2021 Celebration of Teaching Awards
The Center for Excellence in Learning and Teaching would like to congratulate the recipients of the 2021 Celebration of Teaching Awards.
Virginia Colletti, PhD, RN, PMHNP-BC, CS, CARN
2021 Award for Excellence in Teaching a Synchronous Online Course
Virginia Colletti has been teaching nursing at Stony Brook for 31 years. In her synchronous class on psychosocial and mental health nursing with about 80 students, where she strives to create an engaging and supportive presence in the course. Virginia’s success in the synchronous course is based on being flexible, relaxed, and using technology to create collaboration. She intentionally incorporates what she calls “six seconds of silence” in her class discussions that allows space for everyone to think, respond, and engage with each other. She often uses team break out rooms and believes that it is important to be clear and up front with students -- letting them know ahead of time how discussions will be facilitated so they are prepared to fully engage.
Sangeet Honey, PhD
2021 Award for Excellence in Teaching an Asynchronous Online Course
Sangeet Honey teaches BIO 315 Microbiology asynchronously to 400+ students is dependent on informing, engaging, supporting, and understanding students while also being flexible and empathetic. Sangeet spends a great deal of time and consideration on his course design and providing iterative feedback. He finds that providing students with information regarding expectations, technology needs, assessments, and policies, are key to student success. He uses a syllabus quiz to make sure students are aware of important course information.
We were particularly impressed with the way Sangeet controls the flow of content to keep students engaged and on track. He facilitates student engagement in his large online course of more than 400 students by breaking the course up into teams or groups in Brightspace where he and his TAs are able to manage questions, office hours, and discussions more effectively.
Knowing that a lot can go wrong in a large online course, Sangeet uses a Google form to collect student issues, feedback, and concerns on an ongoing basis. This helps him better manage students’ requests and concerns more efficiently than by using email.
2021 Award for Excellence in Assessment
Sue Ryan is in the School of Professional Development and her background as a professional soccer coach informs her teaching in her graduate courses in leadership. She sees her role as meeting students where they are and that it is “her responsibility to take them someplace new; a new place of thinking, collaboration, and self-discovery” In her course on Effective Professional Action & Leadership, Sue has several innovative assessments that help students make connections to course concepts. She uses the discussion boards to have students post lyrics to a song that reflect their values and thinking. Sue also has students select someone from history that exemplifies leadership for a case study analysis. Sue has found that connecting the curriculum to student’s own lives leads to real engagement and transformation for students.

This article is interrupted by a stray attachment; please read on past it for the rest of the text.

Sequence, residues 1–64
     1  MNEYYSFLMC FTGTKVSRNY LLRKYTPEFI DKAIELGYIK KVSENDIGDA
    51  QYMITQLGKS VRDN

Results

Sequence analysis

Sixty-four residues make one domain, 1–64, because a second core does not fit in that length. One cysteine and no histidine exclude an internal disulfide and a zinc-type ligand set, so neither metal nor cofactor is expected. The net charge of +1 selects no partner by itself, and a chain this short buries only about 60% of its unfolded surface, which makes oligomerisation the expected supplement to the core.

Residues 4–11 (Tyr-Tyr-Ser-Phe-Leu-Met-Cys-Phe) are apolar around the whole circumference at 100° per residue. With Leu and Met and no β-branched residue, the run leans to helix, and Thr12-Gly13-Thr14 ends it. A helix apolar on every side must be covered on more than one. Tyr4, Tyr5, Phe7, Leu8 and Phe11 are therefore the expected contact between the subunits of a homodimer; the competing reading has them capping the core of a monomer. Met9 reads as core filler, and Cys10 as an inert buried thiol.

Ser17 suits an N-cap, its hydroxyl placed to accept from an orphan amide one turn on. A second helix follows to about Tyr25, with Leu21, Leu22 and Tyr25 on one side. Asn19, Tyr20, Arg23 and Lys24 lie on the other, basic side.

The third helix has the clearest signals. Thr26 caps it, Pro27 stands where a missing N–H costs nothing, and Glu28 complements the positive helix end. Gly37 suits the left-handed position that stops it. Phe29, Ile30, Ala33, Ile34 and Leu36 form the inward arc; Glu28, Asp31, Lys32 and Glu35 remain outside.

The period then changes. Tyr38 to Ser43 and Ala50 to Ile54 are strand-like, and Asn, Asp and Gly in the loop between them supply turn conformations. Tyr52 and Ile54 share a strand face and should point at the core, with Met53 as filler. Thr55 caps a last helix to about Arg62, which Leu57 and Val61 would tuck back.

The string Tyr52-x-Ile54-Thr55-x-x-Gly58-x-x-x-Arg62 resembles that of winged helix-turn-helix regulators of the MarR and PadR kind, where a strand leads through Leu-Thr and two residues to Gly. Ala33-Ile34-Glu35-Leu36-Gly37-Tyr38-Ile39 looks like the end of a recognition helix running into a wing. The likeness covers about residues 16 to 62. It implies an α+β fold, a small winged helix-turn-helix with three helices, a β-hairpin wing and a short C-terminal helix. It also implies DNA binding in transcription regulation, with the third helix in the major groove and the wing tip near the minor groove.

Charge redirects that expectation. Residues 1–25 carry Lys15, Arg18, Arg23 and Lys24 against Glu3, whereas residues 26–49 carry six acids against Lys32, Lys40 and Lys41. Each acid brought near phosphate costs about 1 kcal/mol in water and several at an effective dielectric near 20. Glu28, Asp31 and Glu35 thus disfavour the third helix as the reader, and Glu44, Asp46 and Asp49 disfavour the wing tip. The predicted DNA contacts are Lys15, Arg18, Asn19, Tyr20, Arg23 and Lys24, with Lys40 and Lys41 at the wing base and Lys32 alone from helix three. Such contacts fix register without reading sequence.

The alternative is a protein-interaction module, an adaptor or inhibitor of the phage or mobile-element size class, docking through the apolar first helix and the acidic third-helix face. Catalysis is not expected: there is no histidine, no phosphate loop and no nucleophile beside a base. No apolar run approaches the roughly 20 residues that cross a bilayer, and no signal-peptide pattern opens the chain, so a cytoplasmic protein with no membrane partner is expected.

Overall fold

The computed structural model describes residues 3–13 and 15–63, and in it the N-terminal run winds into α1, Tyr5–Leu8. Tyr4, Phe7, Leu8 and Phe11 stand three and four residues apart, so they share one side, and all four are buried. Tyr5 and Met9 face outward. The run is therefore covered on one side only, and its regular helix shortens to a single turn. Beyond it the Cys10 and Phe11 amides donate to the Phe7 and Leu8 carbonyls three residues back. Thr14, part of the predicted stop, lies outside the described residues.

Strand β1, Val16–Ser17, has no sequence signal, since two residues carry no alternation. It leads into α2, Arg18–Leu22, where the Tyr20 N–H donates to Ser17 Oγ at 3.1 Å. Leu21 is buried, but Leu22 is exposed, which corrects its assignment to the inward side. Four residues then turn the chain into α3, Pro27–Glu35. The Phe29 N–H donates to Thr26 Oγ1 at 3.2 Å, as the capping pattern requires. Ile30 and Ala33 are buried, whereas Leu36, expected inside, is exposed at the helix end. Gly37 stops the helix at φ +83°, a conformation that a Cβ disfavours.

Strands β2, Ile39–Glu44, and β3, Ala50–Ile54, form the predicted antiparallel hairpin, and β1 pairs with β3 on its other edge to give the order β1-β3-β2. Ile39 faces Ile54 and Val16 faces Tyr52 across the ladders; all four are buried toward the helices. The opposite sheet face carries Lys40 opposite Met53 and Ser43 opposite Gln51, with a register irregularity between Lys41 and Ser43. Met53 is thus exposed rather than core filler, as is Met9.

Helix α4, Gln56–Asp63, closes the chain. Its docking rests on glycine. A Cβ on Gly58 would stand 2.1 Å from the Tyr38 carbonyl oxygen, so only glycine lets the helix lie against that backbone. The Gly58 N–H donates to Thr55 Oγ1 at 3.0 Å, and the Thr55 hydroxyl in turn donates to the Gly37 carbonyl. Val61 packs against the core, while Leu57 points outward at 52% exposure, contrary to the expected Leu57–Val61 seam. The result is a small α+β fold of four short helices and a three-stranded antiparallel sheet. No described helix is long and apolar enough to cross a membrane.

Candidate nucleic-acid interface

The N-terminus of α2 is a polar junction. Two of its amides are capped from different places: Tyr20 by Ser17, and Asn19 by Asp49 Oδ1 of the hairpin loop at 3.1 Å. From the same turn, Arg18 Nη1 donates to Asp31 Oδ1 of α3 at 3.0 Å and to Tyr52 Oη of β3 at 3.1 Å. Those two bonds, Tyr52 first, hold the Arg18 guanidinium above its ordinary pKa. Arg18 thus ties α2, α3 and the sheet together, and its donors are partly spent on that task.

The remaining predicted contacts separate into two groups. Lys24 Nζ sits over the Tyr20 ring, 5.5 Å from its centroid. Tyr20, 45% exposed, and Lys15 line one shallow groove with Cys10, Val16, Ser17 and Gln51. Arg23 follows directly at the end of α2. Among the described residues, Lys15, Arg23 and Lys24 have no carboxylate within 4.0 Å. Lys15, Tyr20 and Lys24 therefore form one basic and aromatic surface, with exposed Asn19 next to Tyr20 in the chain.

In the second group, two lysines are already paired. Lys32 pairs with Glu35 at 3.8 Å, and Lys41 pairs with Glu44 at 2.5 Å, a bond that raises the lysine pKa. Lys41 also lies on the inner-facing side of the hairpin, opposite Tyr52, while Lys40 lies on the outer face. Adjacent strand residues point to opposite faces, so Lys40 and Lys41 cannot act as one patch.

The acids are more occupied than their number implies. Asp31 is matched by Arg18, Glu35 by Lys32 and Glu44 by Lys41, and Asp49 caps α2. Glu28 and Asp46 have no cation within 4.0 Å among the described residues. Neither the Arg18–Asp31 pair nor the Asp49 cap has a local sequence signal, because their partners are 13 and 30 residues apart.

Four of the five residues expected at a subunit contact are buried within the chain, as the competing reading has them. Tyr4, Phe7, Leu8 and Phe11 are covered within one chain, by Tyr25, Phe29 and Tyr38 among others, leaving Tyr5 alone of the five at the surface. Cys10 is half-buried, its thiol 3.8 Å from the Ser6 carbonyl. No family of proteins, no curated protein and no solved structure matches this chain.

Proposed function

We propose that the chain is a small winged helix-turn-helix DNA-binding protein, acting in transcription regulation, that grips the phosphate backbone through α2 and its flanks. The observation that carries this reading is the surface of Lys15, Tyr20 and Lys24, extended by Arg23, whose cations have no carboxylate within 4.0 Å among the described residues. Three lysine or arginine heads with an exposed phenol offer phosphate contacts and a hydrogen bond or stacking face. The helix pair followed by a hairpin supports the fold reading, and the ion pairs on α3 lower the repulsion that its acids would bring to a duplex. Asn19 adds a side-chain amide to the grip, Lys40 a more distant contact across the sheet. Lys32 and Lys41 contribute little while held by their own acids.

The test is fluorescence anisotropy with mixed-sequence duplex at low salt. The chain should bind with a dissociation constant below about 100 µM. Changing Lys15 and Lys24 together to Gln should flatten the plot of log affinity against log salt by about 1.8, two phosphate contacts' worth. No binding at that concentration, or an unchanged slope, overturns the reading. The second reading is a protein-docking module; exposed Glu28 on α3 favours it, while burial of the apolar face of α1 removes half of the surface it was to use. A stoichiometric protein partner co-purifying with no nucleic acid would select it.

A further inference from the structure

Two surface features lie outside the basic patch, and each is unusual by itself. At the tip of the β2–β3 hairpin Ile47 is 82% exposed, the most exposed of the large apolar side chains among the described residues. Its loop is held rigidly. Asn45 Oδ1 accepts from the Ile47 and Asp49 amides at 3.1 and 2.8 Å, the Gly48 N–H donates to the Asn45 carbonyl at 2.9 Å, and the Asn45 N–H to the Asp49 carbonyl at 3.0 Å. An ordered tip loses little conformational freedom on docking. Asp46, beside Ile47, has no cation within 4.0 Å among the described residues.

Joseph M. Pierce, PHD
2021 David L. Ferguson Award for Inclusive Teaching
Our inaugural awardee is JosephM. Pierce from the Department of Hispanic Languages and Literature. Joseph focuses his teaching on transparency and invites students into a conversation where they can engage critically with difficult topics. In doing so, it allows students to situate themselves in relation to an author, a body of work, a canon, or a discipline. In his Decoloniality and Queer Studies course, he challenges students to question some of the disciplinary boundaries that he learned in graduate school. Dr. Pierce stated that “The knowledge that is taken as standard and normative has often been produced through violence and erasure, and by questioning intellectual standards, it opens up the possibility to ask questions that students haven’t had the opportunity to ask, but that brings students into a more ethical relationship with the scholarship.”
Georges Fouron, EdD
2020 - 2021 COVID Teaching Hero Award
Georges Fouron has been teaching at Stony Brook University for almost four decades. Despite the challenges involved in moving to a remote teaching environment, Georges displayed grace under pressure as he adapted to teaching over Zoom where he demonstrated compassion and empathy for his students while maintaining academic rigor and teaching effectiveness. In referring to the educator John Dewey, Dr. Fouron remarked that teachers “shouldn’t be strangers to the realities of students’ lives.” Teaching during the pandemic taught him that students are resilient in the face of difficulties, and often says that he is not interested in having students agree with his views, but rather he wants students to be able to articulate their own perspectives as both teachers and learners. His calm and determined demeanor throughout a difficult semester was inspiring not only to his students but to all of us here in CELT.